Mobiles and devices

Apple and Samsung beat off the competition – iPhone 7 the most popular model

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Apple and Samsung take first and second place in a survey of mobile phone popularity, with 41 and 39 per cent respectively.

93 per cent of people in Switzerland own a smartphone, with a clear preference for an Apple or Samsung. The two premium manufacturers currently dominate the market, accounting for an 80% share between them. These were the results of our representative survey.

Four out of five mobile phones in Switzerland are made by the two tech giants Apple and Samsung, with competitor models lagging way behind the two front runners. Third to fifth places are occupied by Chinese newcome Huawei and established brands Sony and Nokia.

“While Switzerland has always had a high number of iPhone users, Samsung has been able to cement its reputation as a premium vendor and dominate the Android sector of the market with its Galaxy S models,” says Jean-Claude Frick, digital expert at comparis.ch.

iPhone 7 and Galaxy S7 top the device tables

Apple and Samsung devices completely dominate the top ten in the ranking of most used smartphones.

The iPhone 7 (and 7 Plus) and the Samsung Galaxy S7 (and S7 Edge) occupy the top two spots with 12 and 11 per cent respectively. They are followed in third and fourth place by the iPhone 6 (and 6 Plus) and the iPhone 6s (and 6s Plus), with 10 and 9 percent respectively. The three-year-old Samsung Galaxy S5 is still being used by as many as 6 per cent of survey respondents.

It’s important to note here that the latest smartphones, iPhone 8 (8 Plus) and iPhone X, could not be included in the survey as they were not yet available when it was conducted.

The fact that older iPhone models are still in use is a testament to the longevity of the mobile operating system. Apple still keeps them all up-to-date with the latest software, allowing these users to benefit from new functions as well.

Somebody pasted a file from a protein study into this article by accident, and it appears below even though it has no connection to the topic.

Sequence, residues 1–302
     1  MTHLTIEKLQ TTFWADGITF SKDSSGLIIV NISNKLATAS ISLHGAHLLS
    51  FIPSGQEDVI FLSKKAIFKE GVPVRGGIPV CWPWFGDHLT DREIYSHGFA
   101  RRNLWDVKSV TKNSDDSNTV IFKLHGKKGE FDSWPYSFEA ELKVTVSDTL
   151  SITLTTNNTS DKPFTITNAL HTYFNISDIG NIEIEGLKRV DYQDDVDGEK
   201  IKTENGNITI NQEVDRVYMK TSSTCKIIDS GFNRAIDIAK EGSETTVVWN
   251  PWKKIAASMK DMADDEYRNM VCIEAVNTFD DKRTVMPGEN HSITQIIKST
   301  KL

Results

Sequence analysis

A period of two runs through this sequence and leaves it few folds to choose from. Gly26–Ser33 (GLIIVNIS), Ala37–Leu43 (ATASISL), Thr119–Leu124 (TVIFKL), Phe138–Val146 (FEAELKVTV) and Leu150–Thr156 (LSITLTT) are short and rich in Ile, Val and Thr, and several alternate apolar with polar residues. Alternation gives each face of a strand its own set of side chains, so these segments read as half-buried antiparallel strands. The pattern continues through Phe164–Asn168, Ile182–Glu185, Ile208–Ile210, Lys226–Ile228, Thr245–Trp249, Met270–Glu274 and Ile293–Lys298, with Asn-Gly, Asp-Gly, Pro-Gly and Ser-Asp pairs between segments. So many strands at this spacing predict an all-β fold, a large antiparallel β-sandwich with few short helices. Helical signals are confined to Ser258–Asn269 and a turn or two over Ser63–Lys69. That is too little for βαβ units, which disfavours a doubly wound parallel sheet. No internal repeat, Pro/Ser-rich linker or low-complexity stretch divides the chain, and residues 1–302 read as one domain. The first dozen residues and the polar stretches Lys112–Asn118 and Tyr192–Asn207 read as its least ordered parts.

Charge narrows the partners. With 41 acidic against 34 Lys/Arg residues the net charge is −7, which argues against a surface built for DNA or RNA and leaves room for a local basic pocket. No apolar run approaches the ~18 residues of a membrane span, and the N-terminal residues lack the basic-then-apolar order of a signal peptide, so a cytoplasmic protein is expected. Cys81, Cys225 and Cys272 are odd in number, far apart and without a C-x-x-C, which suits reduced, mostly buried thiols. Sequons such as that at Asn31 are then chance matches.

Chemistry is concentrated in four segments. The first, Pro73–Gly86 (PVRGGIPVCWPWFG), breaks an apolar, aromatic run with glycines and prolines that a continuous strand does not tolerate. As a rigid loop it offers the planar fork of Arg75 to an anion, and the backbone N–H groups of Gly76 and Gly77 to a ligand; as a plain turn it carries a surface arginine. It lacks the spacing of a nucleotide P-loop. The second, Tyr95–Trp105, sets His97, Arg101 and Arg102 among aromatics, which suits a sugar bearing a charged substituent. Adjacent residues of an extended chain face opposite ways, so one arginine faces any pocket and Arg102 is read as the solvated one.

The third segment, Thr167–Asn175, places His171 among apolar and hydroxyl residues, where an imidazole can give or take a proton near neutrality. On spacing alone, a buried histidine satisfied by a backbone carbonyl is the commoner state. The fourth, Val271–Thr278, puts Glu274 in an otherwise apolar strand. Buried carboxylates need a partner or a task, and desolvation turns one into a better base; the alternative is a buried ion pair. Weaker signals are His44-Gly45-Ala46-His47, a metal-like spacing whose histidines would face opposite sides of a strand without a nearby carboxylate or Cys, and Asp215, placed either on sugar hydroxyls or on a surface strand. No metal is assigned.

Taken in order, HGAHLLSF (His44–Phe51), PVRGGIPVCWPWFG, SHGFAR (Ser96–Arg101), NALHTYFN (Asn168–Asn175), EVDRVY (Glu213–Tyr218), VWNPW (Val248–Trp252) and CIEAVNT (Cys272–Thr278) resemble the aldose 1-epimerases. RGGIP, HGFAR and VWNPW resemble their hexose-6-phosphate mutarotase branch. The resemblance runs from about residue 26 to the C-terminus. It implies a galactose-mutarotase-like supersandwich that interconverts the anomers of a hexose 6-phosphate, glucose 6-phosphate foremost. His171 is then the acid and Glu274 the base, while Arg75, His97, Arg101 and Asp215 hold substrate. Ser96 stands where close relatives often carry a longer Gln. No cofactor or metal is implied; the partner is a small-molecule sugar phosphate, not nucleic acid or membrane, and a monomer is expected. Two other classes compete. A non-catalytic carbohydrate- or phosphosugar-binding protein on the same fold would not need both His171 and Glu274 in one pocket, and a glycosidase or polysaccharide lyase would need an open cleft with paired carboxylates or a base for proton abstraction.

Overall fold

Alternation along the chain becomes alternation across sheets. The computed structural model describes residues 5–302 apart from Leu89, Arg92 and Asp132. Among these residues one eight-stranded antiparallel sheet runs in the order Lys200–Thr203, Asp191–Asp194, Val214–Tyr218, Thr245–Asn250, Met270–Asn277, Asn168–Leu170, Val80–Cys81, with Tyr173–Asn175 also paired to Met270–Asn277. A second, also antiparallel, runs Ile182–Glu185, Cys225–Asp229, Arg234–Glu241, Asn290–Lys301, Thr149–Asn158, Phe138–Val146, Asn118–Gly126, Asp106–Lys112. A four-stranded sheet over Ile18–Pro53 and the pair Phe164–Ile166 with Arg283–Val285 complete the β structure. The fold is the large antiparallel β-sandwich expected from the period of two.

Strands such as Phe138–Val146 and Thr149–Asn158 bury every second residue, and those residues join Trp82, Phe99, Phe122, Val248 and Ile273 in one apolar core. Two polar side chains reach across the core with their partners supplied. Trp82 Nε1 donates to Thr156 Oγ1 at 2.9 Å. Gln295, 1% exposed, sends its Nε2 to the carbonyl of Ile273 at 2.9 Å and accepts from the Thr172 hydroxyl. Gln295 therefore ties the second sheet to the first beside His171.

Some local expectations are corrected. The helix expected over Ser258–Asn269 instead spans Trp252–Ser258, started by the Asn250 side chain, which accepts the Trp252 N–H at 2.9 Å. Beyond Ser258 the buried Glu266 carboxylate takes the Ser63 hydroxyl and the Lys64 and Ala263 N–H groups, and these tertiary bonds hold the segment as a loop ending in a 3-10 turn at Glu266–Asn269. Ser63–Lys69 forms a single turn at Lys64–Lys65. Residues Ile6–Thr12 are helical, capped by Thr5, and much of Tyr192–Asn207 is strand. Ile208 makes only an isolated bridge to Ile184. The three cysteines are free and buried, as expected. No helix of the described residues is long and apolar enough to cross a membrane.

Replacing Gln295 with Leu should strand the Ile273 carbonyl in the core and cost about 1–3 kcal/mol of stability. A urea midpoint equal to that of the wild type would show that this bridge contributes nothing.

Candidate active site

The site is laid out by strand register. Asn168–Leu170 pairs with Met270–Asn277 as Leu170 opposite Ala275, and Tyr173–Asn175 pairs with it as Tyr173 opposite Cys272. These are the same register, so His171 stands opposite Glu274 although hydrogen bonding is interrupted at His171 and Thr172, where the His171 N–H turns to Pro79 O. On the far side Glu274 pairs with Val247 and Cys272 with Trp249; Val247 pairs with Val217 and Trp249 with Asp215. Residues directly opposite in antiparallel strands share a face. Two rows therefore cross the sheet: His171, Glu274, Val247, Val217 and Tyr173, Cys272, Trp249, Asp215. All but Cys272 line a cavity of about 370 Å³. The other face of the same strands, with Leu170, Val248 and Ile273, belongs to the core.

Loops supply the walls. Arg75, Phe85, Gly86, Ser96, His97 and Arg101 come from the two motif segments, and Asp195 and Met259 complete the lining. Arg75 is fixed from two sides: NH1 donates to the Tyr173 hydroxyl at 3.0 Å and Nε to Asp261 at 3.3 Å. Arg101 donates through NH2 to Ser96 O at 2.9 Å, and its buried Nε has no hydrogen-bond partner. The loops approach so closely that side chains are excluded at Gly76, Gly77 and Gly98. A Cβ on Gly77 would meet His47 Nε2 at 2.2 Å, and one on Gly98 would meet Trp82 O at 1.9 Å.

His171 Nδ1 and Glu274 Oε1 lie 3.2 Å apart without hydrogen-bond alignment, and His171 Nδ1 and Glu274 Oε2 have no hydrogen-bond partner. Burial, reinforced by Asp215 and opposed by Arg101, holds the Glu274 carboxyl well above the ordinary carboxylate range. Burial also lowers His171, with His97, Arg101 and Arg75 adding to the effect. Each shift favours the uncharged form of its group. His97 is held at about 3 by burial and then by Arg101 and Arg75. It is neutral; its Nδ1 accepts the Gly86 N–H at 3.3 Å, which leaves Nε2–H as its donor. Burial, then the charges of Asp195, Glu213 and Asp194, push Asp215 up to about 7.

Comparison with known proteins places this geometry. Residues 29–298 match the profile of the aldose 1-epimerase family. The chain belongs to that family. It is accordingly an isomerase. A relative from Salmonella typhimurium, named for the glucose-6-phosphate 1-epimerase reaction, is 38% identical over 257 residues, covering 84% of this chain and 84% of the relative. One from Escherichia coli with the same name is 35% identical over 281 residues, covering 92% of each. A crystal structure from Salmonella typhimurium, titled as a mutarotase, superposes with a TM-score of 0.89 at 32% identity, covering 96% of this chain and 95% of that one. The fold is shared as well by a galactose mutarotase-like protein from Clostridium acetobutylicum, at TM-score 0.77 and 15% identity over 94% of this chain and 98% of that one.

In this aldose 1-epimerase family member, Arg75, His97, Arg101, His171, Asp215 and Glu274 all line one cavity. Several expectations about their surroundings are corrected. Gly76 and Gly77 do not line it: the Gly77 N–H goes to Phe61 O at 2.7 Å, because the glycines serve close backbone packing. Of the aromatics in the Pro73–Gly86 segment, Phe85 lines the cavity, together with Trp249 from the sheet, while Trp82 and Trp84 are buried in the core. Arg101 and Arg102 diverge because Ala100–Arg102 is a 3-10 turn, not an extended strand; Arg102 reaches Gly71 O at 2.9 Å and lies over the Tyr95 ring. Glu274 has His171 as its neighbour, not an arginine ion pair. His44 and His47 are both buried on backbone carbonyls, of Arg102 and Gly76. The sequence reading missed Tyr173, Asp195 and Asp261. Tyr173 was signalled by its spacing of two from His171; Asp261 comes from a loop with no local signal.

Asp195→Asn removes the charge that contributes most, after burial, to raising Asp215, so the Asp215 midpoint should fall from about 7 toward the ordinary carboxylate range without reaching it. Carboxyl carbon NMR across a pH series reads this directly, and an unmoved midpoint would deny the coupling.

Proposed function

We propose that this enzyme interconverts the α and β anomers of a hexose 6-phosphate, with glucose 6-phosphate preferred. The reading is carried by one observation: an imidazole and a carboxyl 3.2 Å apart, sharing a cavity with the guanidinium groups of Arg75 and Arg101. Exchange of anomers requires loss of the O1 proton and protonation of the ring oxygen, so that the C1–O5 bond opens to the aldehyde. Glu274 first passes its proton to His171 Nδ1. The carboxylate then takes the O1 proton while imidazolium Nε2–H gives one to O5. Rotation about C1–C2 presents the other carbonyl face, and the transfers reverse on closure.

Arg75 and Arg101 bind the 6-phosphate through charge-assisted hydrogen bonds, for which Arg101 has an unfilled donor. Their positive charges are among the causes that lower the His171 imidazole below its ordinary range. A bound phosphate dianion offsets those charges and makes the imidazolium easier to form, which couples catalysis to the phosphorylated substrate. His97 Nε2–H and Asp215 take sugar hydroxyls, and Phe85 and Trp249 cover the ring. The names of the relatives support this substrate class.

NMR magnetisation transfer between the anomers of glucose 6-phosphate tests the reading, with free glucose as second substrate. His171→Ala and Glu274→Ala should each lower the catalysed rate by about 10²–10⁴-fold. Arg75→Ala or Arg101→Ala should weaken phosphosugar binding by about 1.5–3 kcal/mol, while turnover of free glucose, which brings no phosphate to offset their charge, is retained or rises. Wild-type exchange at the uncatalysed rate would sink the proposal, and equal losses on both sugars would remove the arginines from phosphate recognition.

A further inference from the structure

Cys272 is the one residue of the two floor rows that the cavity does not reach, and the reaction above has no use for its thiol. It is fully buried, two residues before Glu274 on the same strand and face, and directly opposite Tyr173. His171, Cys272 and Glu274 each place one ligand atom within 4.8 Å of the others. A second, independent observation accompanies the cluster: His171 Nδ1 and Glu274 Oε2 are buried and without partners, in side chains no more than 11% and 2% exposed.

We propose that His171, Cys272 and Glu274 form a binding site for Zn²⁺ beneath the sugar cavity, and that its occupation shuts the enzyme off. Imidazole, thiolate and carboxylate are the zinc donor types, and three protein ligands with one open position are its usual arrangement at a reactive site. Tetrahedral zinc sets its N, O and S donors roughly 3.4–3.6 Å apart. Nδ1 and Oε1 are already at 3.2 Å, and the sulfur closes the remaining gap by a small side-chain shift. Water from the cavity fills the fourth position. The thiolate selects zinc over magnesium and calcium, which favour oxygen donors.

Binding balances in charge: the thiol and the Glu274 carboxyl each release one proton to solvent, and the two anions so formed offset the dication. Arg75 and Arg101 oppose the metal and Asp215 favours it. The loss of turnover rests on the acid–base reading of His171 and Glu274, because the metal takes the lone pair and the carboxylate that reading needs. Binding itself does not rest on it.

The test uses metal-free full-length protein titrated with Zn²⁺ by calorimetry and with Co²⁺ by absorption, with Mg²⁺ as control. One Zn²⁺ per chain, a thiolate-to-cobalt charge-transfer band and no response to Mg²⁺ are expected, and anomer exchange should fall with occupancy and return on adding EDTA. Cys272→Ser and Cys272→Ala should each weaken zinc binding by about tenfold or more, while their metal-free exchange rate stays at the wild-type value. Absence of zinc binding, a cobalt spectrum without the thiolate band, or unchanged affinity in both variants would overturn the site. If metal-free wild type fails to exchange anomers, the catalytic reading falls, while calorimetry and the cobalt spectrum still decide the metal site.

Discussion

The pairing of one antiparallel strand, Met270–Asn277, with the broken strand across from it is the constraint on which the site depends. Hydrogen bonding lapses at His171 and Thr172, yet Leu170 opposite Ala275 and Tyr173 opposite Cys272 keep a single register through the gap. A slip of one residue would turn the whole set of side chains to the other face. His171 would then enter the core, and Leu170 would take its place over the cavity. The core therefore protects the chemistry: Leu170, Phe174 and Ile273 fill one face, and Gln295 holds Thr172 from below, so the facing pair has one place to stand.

“The strong performance of the Galaxy S7 shows that last year's top model can still be a good choice, as key new features are no longer being developed on a yearly basis,” say Frick.

So it’s no surprise that the majority of mobile phone users keep this device for one to two years. However, this is also down to the two-year phone contracts currently favoured by telecom providers. 

Survey respondents aged over 55 keep their mobile phone significantly longer than younger people – at least three years on average.

“With its iPhone X, Apple is currently commanding a premium price of well over 1,000 francs, while Samsung is trying to reinstill confidence in its Galaxy Note brand,” adds Jean-Claude Frick. “Of course, this won't alter the fundamental balance of power, but we’ll have to wait and see whether these four-figure mobile phone prices don't tempt some customers to cast an eye in the direction of newcomers like Huawei or another alternative.”

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MethodThe survey was carried out in October 2017 by market research institute Innofact on behalf of comparis.ch. Involving 1,036 respondents aged between 18 and 74 in all regions of Switzerland, the survey is representative for people living in Switzerland.